U.S. Senator Bob Casey (D-Pa.) introduced a plan to invest in jobs for Clinton’s first 100 days, if she is elected. The plan would involve rewarding business that share property, preserve jobs domestically, and invest 10 billion dollars in new manufacturing jobs.
Diane Russell, Ben Jealous, Brendan Boyle (D-Pa.), State Representative Tina Kotek (D-Ore.), and International President of the Service Employees International Union Mary Kay Henry espoused raising the federal minimum wage.
Jeff Merkley called for an end to mass incarceration. Similarly, Sanders spoke on shifting the focus away from incarcerating young people, and instead on providing these people with good schooling.
Diane Russell, Ben Jealous, American Federation of Teachers President Randi Weingarten, ShareFile Founder Jesse Lipson, Elizabeth Warren and Sanders each spoke in favor of reducing the cost of higher education and student debt. To that end, Sanders—in what were several proposals that he presented that he recognized were compromises between his and the Clinton campaign’s agendas—announced that he had worked with Clinton on a proposal that would guarantee children of all families that make less than $125,000 annually the ability to attend a public university.
U.S. Representative Luis V. Gutiérrez (D-IL) called for a fair immigration system for the 11 million undocumented immigrants. Karla, age 9, and her mother, undocumented immigrant Francisca Ortiz, took to the podium and shared their story—one that began with the fear of Karla’s parents being deported, but which, they said, would end in confidence, under a Clinton Administration and the Democratic Party’s agenda to protect families by keeping them together.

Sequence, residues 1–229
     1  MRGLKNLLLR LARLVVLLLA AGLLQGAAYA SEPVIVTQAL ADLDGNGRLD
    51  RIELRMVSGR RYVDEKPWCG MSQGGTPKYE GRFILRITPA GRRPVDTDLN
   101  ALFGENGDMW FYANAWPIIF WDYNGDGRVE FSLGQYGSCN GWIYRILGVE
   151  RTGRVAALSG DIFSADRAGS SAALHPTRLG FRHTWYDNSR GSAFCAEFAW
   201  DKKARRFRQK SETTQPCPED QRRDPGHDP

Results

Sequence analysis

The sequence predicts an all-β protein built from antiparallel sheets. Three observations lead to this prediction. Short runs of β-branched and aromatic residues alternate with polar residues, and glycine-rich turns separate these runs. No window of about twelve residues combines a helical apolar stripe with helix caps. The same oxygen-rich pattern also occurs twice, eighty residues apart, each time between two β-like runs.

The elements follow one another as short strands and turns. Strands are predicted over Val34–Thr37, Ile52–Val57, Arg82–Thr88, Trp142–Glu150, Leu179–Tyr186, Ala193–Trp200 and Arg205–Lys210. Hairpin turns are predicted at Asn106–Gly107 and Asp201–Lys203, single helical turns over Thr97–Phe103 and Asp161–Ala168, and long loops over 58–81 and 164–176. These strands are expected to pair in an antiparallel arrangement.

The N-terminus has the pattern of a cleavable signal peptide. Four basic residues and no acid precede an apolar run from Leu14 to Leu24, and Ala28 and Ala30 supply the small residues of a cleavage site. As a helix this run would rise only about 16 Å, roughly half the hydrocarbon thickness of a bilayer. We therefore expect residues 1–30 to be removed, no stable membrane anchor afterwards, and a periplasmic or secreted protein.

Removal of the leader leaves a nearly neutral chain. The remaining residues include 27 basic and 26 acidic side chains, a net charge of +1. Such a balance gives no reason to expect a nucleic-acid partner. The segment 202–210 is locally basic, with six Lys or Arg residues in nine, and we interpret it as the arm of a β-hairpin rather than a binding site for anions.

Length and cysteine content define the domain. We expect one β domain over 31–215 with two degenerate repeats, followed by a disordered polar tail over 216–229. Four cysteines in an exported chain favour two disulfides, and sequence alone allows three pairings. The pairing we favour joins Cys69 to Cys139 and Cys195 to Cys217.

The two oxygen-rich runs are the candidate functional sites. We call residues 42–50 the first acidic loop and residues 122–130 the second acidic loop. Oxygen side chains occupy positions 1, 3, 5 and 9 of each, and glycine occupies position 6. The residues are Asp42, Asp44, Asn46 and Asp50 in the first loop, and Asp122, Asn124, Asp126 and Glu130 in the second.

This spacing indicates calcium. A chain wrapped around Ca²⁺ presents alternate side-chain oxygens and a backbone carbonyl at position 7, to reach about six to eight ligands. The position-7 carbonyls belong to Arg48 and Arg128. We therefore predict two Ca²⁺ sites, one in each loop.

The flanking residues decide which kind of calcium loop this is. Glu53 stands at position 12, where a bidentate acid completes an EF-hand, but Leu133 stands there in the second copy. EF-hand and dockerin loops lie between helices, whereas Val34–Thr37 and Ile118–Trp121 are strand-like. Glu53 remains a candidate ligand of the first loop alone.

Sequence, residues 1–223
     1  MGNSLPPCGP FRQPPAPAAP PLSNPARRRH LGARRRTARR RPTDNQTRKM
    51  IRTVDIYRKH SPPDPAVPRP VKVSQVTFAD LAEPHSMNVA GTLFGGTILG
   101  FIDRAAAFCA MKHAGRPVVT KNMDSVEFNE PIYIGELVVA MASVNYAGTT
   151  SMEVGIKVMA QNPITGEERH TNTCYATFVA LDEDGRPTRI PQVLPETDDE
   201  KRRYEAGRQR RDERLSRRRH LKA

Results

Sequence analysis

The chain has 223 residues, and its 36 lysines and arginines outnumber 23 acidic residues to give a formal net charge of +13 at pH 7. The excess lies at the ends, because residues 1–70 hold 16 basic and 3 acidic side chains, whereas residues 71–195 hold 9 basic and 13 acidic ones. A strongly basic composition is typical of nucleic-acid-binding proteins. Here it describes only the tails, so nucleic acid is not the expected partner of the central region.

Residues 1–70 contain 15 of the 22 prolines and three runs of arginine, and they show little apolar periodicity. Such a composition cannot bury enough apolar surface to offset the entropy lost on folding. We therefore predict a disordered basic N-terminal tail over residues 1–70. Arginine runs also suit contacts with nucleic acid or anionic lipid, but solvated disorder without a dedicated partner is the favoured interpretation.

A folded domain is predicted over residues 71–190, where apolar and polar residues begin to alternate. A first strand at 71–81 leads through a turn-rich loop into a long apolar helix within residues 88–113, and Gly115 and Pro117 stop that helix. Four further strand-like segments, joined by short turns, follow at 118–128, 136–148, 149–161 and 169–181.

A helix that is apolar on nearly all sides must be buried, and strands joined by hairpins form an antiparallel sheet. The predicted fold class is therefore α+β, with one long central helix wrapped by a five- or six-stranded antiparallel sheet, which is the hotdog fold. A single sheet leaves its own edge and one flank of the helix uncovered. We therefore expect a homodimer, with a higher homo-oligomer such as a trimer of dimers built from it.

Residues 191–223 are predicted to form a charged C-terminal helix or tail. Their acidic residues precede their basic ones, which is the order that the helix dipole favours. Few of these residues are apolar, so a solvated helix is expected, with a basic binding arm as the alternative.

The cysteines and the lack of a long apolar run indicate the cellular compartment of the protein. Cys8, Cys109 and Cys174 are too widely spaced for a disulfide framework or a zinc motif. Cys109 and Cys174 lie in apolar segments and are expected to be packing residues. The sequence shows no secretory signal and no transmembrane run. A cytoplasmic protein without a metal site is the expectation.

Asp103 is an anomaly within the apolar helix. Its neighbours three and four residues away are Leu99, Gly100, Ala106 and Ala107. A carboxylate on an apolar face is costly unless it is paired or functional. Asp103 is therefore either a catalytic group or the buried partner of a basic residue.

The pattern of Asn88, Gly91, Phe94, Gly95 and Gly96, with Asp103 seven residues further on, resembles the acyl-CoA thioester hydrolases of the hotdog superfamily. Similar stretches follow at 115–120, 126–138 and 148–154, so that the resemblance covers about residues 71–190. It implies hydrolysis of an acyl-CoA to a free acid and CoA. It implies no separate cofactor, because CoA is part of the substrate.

U.S. Senators Kirsten Gillibrand (D-N.Y.) and Elizabeth Warren were among various speakers who called for equal pay for equal work, for and reducing the gender gap in terms of income earnings. Senator Gillibrand also called for paid family leave.
Bernie Sanders called for a number of health care reforms, including reducing the number of underinsured Americans, establishing public option, and allow anybody 55 yeas and older to opt into Medicare.
First Lady Michelle Obama’s speech—by many accounts considered to be one of the most rousing and forceful of the evening—focused largely on President Obama’s legacy. Her speech did eventually shift to the future, as she spoke about what she proclaimed was the remarkable quality of Hillary Clinton’s candidacy, and about her faith in Clinton’s ability to serve as a strong president. She received uproarious applause, from delegates and audience members alike.
Closing out the evening was Bernie Sanders, who was welcomed with vigorous cheers. He expressed his disappointment in being unable to secure the Democratic nomination, but he spoke in full support of a Clinton nomination and presidency.
Although it remains to be seen whether Sanders’ strong supporters are willing to join the Clinton camp, the evening ended with many of the Convention’s attendees feeling emboldened about at least one point: the need to prevent the Republican party’s newly anointed nominee, Donald Trump, from becoming president.